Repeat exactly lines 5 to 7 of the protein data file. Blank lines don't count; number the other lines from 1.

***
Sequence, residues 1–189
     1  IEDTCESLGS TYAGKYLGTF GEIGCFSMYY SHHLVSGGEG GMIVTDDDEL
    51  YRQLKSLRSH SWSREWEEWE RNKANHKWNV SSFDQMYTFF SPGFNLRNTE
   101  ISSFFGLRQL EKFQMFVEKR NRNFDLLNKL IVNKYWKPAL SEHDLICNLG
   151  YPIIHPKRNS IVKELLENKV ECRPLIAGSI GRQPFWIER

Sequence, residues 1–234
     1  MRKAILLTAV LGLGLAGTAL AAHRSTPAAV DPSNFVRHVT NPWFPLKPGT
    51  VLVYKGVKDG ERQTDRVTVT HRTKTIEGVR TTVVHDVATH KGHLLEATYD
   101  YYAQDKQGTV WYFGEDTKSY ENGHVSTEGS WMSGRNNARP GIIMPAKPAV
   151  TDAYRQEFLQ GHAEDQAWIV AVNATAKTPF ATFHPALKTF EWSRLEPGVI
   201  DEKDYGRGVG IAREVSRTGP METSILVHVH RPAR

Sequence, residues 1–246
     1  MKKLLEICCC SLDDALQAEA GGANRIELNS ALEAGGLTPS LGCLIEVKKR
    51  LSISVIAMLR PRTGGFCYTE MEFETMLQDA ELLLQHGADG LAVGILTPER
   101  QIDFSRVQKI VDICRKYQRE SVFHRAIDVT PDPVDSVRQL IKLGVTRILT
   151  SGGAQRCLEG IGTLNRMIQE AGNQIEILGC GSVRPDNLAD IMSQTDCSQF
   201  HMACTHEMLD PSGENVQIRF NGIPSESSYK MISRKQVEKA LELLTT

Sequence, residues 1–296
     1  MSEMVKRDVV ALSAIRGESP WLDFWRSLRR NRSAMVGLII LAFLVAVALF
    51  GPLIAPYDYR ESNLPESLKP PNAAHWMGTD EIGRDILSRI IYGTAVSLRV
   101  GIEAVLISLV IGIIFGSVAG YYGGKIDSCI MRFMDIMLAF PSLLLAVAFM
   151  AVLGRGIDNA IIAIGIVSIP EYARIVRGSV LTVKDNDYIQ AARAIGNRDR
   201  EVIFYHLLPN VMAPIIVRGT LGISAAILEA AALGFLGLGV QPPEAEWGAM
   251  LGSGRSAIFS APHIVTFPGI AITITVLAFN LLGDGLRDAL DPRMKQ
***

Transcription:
   151  YPIIHPKRNS IVKELLENKV ECRPLIAGSI GRQPFWIER

Sequence, residues 1–234
     1  MRKAILLTAV LGLGLAGTAL AAHRSTPAAV DPSNFVRHVT NPWFPLKPGT